Draghi stepped in during euro’s darkest hour

FRANKFURT, Germany (AP) – Mario Draghi leaves as head of the European Central Bank (ECB) credited with having rescued the eurozone from disaster with a well-timed phrase and bold action to back up his words.

He expanded the bank’s arsenal of crisis-fighting tools with new and unconventional policies, measures that he and others say helped end a financial crisis in 2010-2012 and create millions of jobs in the 19-country monetary union.

Yet the closing days of his term have hardly been a victory lap. His departure is accompanied by an unusually public dispute among ECB board members over stimulus policies he pushed for that aim to lower borrowing costs.

Critics question the long-term impact of his stimulus efforts and argue they deterred governments from improving their finances and could lead to troubles down the road.

Draghi’s legacy is in focus as he handed off to his successor, former International Monetary Fund (IMF) Head Christine Lagarde, at an event at the ECB’s headquarters in Frankfurt, Germany, yesterday. She takes office on Friday.

ECB President Mario Draghi. PHOTO: AP

One day will stand out in any account of Draghi’s term: July 26, 2012. Italy was struggling with high borrowing costs in the bond market, Greece needed a second bailout, and the breakup of the shared euro currency, one of the European Union’s core projects, seemed possible.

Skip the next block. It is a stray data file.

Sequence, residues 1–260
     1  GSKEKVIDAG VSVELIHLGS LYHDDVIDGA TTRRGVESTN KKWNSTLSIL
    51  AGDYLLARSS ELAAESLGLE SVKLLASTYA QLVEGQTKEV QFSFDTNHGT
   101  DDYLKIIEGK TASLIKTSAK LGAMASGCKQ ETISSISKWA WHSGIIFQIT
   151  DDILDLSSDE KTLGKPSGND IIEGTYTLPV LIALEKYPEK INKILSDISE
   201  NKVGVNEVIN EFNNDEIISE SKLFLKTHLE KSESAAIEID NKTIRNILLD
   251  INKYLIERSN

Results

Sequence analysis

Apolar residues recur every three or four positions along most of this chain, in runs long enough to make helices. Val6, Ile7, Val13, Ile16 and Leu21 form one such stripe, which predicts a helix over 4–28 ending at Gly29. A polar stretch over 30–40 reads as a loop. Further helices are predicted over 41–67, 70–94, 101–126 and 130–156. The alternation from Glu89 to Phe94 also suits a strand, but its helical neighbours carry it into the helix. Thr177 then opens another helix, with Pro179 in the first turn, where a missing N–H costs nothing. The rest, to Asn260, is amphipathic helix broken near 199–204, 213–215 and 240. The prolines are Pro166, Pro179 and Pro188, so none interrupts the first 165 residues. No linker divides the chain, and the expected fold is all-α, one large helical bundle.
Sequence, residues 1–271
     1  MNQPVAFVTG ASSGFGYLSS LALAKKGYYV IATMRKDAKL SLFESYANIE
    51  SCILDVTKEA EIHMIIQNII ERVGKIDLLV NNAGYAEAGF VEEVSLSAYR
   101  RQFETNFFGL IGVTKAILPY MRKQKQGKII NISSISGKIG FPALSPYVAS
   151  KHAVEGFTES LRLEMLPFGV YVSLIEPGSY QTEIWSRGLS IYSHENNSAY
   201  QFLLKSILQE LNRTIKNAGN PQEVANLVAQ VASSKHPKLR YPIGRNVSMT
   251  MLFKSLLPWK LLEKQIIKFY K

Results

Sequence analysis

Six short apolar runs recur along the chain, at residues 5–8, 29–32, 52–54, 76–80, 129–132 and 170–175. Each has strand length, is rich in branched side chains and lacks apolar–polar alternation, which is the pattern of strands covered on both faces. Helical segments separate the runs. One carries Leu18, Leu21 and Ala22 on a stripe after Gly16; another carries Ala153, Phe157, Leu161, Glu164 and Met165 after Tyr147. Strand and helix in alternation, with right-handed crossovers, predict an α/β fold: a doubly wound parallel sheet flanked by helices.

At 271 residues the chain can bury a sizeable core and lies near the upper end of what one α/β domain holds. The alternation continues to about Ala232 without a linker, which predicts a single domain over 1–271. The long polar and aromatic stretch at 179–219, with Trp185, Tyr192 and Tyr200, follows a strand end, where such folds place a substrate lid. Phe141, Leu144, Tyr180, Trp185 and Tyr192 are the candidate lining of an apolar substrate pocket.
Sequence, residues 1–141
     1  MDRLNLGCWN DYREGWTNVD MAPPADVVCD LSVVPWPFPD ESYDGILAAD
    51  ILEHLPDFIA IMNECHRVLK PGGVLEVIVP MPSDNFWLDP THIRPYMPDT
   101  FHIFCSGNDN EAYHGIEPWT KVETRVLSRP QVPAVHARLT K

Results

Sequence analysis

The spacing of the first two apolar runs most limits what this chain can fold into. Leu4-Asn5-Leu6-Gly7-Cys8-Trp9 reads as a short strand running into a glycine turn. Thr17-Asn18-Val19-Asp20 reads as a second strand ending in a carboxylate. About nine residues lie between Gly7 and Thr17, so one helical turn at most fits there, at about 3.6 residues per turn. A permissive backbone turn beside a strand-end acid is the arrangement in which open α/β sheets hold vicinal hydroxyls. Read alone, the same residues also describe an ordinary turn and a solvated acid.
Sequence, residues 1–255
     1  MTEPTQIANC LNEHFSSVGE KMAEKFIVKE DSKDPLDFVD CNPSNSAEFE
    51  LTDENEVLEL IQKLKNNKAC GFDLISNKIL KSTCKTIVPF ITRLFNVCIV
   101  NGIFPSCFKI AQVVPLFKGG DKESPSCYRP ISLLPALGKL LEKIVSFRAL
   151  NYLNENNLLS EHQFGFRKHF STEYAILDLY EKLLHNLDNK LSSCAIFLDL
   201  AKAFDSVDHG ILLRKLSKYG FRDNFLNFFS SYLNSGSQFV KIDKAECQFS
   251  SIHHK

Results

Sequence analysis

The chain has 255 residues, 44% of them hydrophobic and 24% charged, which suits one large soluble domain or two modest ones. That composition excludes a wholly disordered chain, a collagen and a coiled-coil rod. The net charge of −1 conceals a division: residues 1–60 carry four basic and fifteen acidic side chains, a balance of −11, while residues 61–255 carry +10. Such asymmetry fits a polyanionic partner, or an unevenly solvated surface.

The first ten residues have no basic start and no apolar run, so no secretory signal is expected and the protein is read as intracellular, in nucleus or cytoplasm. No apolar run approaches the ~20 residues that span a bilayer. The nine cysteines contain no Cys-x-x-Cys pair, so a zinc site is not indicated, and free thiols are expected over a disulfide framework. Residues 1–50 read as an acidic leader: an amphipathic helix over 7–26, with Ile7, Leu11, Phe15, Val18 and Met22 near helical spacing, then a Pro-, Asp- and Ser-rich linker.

On that day Draghi told an investment conference in London that the euro was “irreversible” and added that “within our mandate, the ECB is ready to do whatever it takes to preserve the euro. And believe me, it will be enough.”

In the following weeks Draghi convinced the national central bank heads and top ECB officials to back a plan to buy unlimited amounts of the government bonds of euro countries facing financial pressure.

The promise was so bold that it convinced international investors that the euro would not break up: the bond market was calmed, and the programme never needed to be used.

“Draghi turned the ECB into the de facto lender of last resort for the eurozone governments,” said economist Florian Hense at Berenberg bank.

“This act almost single-handedly ended the euro crisis.”

Yet Draghi’s rescue mission bore the seeds of today’s dissent.

Legislators, news media and economists in northern European countries like Germany and the Netherlands argued that intervening in the bond market effectively mean the ECB was propping up governments and relieving them of pressure to shape up financially.